Your local travel agent may be able to oblige if they are working at the end of a phone, or consider a big firm such as Trailfinders, which has strong buying power for US accommodation.
What about ski deals?
For a family flying from Bristol, Inghams has an excellent deal (relatively speaking) to Saariselka in Finnish Lapland for a half-term week beginning on Sunday 14 February: £598 per person, staying in a three-room apartment. Half-board increases the cost by £150 per person, but as anyone who has been to Finland will know, the prices mean that this is a reasonably good deal for breakfast and dinner every night.
For the benchmark, fares for the London-Geneva flight on 13 February for a week on British Airways are already astronomical – typically £800 return – but if you can bear to curtail your stay, travel out on Tuesday of that week and possibly miss a day of school on Monday, the rate comes down to £170 return. Bear in mind that BA has extremely generous cabin baggage allowances (46kg per person) so book before that changes.
Are there mainstream package holiday bargains for next summer already?
Looking at peak departures between 1 and 22 August, the blunt answer is “no” – unless you know exactly where you want to stay, and Jet2 Holidays has put it on sale.
The Leeds-based tour operator, which is the UK’s second-largest after Tui, has put its summer offering on sale, but a series of test bookings made by The Independent reveals an apparent “base price” of around £600 for one-week trips based on two sharing. While this is a reasonable price, it is not sufficiently tempting compared with what should be available nearer the time.
You can’t. That is always the case with any travel booking, but especially so when no one knows when airlines and holiday companies will be able to restart operations.
But with any of the aforementioned deals, you are covered by either Atol rules for package holidays or “Section 75” cover if you pay with a credit card for flights. Your money is not at risk.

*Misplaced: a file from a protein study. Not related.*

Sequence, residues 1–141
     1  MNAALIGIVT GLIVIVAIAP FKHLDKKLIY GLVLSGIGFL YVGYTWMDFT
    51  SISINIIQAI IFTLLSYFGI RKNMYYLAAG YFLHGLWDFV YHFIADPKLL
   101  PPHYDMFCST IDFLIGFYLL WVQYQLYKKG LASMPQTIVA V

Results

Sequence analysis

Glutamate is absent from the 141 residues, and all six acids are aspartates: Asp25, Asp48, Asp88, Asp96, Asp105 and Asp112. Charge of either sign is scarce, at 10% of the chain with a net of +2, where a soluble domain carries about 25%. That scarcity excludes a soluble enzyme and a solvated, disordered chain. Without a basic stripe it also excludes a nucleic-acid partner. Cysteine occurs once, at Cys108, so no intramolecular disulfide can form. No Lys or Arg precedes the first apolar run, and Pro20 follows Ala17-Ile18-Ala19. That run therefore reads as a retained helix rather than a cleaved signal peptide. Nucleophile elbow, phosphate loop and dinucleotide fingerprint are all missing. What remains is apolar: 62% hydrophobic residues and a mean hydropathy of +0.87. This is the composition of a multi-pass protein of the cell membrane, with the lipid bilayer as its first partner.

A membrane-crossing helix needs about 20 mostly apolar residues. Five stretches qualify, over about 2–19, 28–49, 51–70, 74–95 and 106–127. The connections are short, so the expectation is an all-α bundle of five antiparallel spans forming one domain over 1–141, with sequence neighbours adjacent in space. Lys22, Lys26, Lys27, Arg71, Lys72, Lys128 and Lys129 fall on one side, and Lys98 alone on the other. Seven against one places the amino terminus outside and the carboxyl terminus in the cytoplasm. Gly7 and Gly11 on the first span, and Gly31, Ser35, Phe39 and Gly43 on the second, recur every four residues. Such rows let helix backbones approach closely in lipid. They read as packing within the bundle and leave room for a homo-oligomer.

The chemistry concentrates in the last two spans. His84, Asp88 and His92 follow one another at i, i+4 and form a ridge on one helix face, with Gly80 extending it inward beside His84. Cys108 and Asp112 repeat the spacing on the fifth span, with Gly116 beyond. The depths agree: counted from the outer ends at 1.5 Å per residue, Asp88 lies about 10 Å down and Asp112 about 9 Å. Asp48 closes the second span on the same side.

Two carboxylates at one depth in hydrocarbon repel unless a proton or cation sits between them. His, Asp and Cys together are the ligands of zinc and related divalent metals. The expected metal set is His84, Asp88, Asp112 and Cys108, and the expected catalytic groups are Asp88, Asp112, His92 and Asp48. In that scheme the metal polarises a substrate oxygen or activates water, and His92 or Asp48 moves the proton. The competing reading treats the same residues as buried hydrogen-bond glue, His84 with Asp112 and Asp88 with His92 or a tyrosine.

What happens if I change my mind?
Your money is at risk, or at least some of it. While tour operators may be prepared to negotiate if you want to postpone, the best way to get shot of an unwanted package holiday is to transfer it to someone else; the Package Travel Regulations allow you to change names for a nominal fee.
Airlines are not so flexible, and the best you can hope for is the chance to rebook for a different date on the same route or a different one operated by the same airline – usually at considerable expense.
If the travel firm cancels, what are my options?
You can expect your money back in full – within two weeks of cancellation for package holidays, or within a week of the departure date for flights.
What if the airline or travel firm goes bust?
You can expect your money back in full – though this will be much easier if you have booked through a decent travel agent or direct with the company. Online travel agents often have very attractive prices, but some have atrocious after-sales service.
What about big sporting events – should I take the risk?
If your trip is entirely contingent on a specific event, such as a big football match or a Grand Prix, then book with a specialist operator who supplies tickets as part of the package. If anything goes awry, you will get a full refund.
What sort of insurance should I take out – and when?
Any trip that you buy should be covered by insurance – so take it out at the time of purchase. If you are worried about the medical cover for coronavirus, check with the insurer if it is included.
My passport is running out in 2021 – when should I renew, and how?
At this stage, you have to assume that the UK will leave the current arrangements with the European Union on 31 December 2020, at which point passport rules for all EU countries become much more complicated.
Check with me nearer the time – and when the passport offices reopen.